Gatwick Airport handled more than 45 million passengers for the year to the current week, as it revealed strong full-year results.

The UK's second-busiest airport saw its passenger numbers rise by 7.7% in the year ended 31 March to 44.1 million.

The growth was driven by a 13.6% increase in long-haul, which now represents one in five of Gatwick's passengers.

Domestic traffic was up 10.3%, while average load factors increased to 85.2%.

Revenue increased 7.7% over the year to £725m ($941m), with profit before tax coming in at £131.8m.

Gatwick chief executive Stewart Wingate said the strong performance coincided with the biggest year of investment in the airport's history, along with record levels of service for passengers.

He added that the airport remained ready to offer the government a "financeable and deliverable" scheme to build a second runway.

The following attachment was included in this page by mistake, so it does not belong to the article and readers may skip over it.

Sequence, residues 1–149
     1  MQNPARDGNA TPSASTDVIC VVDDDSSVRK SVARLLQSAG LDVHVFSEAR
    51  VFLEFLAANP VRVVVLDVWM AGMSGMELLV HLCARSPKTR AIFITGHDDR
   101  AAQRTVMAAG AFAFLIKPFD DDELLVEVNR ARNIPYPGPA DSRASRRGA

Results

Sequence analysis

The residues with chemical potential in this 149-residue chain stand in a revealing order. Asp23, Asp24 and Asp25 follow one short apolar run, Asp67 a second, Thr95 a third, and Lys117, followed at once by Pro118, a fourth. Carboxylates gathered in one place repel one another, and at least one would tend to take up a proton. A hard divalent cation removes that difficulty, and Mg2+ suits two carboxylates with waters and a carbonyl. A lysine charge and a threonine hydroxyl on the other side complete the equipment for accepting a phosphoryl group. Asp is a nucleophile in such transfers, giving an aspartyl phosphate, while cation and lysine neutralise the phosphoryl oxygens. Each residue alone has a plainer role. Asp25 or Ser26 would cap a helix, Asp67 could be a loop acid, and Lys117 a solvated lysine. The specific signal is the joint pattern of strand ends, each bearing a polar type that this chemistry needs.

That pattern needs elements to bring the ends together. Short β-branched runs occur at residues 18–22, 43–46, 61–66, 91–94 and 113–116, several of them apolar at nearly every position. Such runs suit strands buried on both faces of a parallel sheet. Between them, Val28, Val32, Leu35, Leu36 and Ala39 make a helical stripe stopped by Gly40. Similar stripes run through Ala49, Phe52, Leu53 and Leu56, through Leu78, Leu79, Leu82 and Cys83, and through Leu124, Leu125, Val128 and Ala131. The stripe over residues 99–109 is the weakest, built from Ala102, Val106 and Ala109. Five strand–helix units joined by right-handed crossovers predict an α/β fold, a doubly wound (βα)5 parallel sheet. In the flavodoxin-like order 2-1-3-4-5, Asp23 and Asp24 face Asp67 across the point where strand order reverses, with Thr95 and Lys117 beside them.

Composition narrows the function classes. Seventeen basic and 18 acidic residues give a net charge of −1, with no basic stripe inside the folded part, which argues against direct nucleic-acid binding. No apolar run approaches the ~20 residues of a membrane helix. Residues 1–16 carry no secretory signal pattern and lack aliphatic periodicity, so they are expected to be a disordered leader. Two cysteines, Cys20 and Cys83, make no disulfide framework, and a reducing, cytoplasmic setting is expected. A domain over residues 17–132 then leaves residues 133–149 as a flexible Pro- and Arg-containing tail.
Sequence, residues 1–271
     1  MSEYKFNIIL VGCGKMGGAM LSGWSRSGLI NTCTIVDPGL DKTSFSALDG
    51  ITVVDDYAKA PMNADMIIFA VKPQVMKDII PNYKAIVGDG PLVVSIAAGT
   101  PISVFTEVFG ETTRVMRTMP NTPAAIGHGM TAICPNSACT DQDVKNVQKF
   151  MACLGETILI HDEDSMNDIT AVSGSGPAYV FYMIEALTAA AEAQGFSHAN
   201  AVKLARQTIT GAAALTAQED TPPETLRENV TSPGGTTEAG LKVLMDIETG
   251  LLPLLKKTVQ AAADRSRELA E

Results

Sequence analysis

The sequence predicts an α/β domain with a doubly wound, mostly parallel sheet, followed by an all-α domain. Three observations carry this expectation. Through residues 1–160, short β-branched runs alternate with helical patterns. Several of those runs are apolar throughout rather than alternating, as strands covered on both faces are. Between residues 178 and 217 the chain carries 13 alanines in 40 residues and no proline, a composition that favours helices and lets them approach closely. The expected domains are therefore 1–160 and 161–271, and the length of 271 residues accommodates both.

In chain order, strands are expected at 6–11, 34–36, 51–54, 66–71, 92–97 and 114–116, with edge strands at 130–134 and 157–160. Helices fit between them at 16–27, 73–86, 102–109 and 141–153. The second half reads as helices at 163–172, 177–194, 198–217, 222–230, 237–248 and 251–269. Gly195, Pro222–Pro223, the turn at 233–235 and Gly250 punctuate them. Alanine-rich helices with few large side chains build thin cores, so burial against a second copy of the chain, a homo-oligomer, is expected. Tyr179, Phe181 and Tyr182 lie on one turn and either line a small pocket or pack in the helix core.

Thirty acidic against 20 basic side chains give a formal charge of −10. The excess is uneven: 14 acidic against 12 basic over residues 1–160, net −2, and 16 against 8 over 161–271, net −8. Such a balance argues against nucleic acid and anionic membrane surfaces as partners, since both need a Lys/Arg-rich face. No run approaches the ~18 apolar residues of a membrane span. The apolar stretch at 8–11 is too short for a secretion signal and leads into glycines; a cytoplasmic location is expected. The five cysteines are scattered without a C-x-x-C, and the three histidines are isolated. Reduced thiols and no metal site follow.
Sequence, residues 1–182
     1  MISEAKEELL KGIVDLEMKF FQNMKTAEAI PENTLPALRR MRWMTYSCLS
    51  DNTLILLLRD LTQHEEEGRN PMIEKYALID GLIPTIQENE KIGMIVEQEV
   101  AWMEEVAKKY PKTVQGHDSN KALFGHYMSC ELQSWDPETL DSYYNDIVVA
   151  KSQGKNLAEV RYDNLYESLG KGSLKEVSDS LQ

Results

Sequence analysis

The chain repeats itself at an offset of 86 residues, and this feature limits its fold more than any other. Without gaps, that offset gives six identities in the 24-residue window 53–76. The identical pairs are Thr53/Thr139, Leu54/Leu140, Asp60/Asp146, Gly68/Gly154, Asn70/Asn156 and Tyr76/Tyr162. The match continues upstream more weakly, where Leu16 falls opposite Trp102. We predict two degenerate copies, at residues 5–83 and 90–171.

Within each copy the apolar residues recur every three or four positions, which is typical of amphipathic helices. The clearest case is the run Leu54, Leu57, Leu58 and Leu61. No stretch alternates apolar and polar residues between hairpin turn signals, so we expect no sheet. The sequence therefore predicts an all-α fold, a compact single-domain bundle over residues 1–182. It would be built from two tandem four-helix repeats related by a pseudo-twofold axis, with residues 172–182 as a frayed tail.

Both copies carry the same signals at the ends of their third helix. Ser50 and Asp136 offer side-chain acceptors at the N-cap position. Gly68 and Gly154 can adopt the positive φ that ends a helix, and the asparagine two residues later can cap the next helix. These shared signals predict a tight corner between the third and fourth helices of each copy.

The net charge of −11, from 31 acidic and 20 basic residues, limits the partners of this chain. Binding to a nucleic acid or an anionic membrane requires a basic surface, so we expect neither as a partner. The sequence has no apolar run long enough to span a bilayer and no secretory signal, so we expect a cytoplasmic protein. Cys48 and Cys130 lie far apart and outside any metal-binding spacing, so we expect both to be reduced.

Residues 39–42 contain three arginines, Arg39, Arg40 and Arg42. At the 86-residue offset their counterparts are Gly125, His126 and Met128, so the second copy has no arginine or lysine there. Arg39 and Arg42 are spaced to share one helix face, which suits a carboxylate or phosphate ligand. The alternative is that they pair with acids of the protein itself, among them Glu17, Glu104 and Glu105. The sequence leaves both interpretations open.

Despite intense lobbying by Gatwick, Heathrow was chosen as the site for a new runway to increase UK airport capacity last October.

"It is a simple fact that, of the top 20 airports in the world by passenger growth, Gatwick is the only one with a single runway," Wingate said.

"We continue to offer the UK a financeable and deliverable second runway scheme which we stand ready to deliver should the Government give us the go-ahead."

Gatwick's results come days after a BBC analysis found that the airport had the biggest proportion of flights from the UK to popular holiday destinations delayed by 30 minutes or more.

Nearly a third of the 108,000 flights leaving the airport between June and September last year were delayed.

"Repeated strike action on the continent over recent years and heavily congested airspace above parts of Europe and London, have led to a significant increase in the number of delays caused by wider air traffic control issues outside Gatwick's control," a spokesman for Gatwick told the BBC.

"Gatwick has more flights to Europe than any UK airport and is impacted disproportionately by events on the continent."